With such a wide variety of threats to guard against, it's only natural for
security administrators to become overwhelmed with preventive maintenance requirements.
Ultimately, this leads to gaps in network defense. This article defines the
importance of desktop policy enforcement and presents a workable model for all
skill ranges of security administrators to utilize for endpoint protection.
Several years ago, while working as a help desk technician at a large corporation,
I would often seek direction from the Security Administrator. When I say "the"
Security Administrator, that's exactly what he was. The one and only administrator
for a company, the size of which today would have a team of security professionals
on staff. There were other networking personnel but only one security technician
with the keys to the kingdom.
This particular administrator was a flurry of activity, using UNIX command
line syntax with seemingly dozens of vi editors, telnet and rlogin connections
open at a time, a conference call going on the speaker phone (muted of course),
all while maintaining a conversation in stride.
One day I asked him, "With so many users, network pathways and servers
to monitor, how can you possibly be aware of all the security issues going on
at any given time?"
He turned around, pointed to his ear and said, "You have to be able
to listen to the wind."
It took a while to figure he meant but eventually, as my experience in network
security grew over the years, it became obvious. There is no reasonable way
to track all activity occurring on a network; incoming, outgoing and everywhere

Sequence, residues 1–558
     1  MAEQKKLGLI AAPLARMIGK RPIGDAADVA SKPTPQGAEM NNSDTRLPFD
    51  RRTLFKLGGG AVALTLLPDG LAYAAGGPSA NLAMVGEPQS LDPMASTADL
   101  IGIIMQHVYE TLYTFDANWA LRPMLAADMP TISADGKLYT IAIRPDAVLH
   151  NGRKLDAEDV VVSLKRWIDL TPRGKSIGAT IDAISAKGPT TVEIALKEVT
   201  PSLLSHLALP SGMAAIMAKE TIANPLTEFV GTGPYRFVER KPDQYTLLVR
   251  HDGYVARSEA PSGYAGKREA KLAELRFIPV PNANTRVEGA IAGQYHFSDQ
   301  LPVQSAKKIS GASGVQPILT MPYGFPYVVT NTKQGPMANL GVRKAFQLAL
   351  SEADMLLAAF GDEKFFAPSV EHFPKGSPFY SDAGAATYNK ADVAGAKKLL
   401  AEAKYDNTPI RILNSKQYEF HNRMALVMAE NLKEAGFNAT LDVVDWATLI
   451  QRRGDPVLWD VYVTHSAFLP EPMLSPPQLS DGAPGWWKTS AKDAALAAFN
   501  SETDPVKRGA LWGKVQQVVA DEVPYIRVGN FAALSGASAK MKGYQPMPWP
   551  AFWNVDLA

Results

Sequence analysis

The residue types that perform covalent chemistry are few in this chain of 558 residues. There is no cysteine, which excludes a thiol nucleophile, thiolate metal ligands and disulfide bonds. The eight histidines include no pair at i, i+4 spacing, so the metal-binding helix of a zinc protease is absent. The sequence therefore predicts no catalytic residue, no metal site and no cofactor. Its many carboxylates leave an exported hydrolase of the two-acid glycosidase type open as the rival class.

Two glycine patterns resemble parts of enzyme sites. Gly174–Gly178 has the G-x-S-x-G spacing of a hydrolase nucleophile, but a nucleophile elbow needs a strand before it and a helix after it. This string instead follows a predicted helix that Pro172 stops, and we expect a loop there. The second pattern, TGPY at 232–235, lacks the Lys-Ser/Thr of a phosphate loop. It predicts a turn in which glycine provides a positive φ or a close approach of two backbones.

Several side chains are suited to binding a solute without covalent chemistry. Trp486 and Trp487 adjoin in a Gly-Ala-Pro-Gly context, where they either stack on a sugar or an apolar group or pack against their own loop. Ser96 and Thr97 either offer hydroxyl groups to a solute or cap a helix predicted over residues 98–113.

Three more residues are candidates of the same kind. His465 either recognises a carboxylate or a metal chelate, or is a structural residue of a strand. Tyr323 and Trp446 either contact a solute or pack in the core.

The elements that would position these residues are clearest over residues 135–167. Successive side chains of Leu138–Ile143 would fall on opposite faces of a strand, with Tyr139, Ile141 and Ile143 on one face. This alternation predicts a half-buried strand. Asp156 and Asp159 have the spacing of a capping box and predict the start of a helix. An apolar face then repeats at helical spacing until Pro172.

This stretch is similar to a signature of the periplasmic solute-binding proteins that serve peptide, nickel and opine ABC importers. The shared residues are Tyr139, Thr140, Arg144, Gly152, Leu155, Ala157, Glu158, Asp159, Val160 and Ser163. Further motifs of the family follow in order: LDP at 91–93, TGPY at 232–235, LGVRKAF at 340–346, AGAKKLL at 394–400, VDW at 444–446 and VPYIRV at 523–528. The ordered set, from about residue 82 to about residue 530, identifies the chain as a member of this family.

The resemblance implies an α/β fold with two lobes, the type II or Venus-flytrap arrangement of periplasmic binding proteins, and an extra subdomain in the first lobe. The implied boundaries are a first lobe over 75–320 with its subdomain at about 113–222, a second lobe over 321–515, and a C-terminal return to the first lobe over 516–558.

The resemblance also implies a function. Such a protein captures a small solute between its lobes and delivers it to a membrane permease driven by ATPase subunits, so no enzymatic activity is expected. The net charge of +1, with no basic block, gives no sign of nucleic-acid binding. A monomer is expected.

in-between. A security administrator needs to know their network so well, that
it's second nature to know where to look for potential problems. Essentially,
what this amounts to is a "sixth sense" in being able to hone in on
the invisible. Without it, one is at a disadvantage in combating the vast array
of hostile possibilities skulking beneath the surface.
For better or worse, not all of us are old school UNIX technicians who have
been sitting in the same chair, using the same set of tools in the same environment
for years on end. Defending the enterprise on a comprehensive scale is much
easier said than done, especially in environments where security administration
is meshed with traditional network administration duties. It is rare for technicians
to keep up with security-only tasks. In many instances, preventive maintenance
amounts to reading security web sites and newsgroups, reviewing the latest patches
and exploit information.
In such circumstances, technician work habits can tend to become jaded. It's
not that they don't want to know what traffic is hitting their network, what
traffic has already penetrated their network and what applications users have
on their machines that can potentially breach security. It's a matter of not
having the time to figure it all out.
The most logical pathway to network fact-finding is reviewing log files. Yet,
how many security administrators can decipher IP traffic and hexadecimal dumps
at a glance? How feasible is it to spend the workday pouring over intrusion
detection log files? In the end, the core of security fundamentals rests with
the human element - the ability of the administrator to deduce root cause and
effect as well as come up with practical and effective prevention methodologies.
Coping with "Badware"
Preventive maintenance against security problems begins at the endpoint. If
network-attached computers are limited in their the ability to interact with
"badware", that is a step in the right direction in staving off potential
negative impacts to the entire network.
In a nutshell, "badware" is any program, service or code-bearing
file that arrives on desktops by way of surreptitious means. There are two primary
categories of badware: malware and spyware/adware. There are many derivatives
of each but it's easiest to think of them in terms of destructive and non-destructive
elements. Though, all modes of badware are insidious and require specialized
attention from security administrators
Malware constitutes Trojan horses, worms, viruses and malicious code. Such
applications are usually delivered through e-mail attachments and file sharing